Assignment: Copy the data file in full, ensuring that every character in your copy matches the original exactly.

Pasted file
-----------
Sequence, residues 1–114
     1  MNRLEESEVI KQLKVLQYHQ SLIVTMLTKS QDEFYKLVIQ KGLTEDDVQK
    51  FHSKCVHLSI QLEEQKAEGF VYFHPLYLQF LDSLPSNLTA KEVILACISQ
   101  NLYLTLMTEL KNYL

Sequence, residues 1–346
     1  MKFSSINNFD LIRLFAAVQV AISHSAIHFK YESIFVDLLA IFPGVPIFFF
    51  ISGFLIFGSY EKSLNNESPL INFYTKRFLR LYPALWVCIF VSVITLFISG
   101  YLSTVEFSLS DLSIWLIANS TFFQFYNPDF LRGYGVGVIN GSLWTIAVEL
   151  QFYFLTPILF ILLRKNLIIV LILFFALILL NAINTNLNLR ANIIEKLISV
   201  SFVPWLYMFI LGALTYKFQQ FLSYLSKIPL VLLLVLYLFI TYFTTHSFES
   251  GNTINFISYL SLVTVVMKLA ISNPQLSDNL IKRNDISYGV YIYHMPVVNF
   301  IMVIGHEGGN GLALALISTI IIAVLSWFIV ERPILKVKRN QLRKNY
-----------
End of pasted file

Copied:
Sequence, residues 1–114
     1  MNRLEESEVI KQLKVLQYHQ SLIVTMLTKS QDEFYKLVIQ KGLTEDDVQK
    51  FHSKCVHLSI QLEEQKAEGF VYFHPLYLQF LDSLPSNLTA KEVILACISQ
   101  NLYLTLMTEL KNYL

Sequence, residues 1–346
     1  MKFSSINNFD LIRLFAAVQV AISHSAIHFK YESIFVDLLA IFPGVPIFFF
    51  ISGFLIFGSY EKSLNNESPL INFYTKRFLR LYPALWVCIF VSVITLFISG
   101  YLSTVEFSLS DLSIWLIANS TFFQFYNPDF LRGYGVGVIN GSLWTIAVEL
   151  QFYFLTPILF ILLRKNLIIV LILFFALILL NAINTNLNLR ANIIEKLISV
   201  SFVPWLYMFI LGALTYKFQQ FLSYLSKIPL VLLLVLYLFI TYFTTHSFES
   251  GNTINFISYL SLVTVVMKLA ISNPQLSDNL IKRNDISYGV YIYHMPVVNF
   301  IMVIGHEGGN GLALALISTI IIAVLSWFIV ERPILKVKRN QLRKNY